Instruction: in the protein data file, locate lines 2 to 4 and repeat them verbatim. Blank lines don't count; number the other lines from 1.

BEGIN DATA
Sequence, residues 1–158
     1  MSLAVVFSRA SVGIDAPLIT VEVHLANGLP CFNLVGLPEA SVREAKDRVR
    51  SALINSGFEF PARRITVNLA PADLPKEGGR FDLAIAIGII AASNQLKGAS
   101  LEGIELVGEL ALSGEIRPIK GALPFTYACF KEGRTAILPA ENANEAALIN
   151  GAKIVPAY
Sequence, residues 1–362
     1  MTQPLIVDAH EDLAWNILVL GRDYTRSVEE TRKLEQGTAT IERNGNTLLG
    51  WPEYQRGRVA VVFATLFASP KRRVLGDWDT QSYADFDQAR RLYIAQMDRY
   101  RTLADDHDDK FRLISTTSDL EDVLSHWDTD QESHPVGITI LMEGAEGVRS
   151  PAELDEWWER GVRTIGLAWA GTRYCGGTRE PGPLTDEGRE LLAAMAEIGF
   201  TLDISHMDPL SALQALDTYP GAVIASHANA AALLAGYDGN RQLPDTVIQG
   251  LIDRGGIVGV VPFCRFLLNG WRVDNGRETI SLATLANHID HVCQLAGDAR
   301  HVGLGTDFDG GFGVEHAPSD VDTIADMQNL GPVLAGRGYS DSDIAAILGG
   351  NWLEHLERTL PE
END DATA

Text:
     1  MSLAVVFSRA SVGIDAPLIT VEVHLANGLP CFNLVGLPEA SVREAKDRVR
    51  SALINSGFEF PARRITVNLA PADLPKEGGR FDLAIAIGII AASNQLKGAS
   101  LEGIELVGEL ALSGEIRPIK GALPFTYACF KEGRTAILPA ENANEAALIN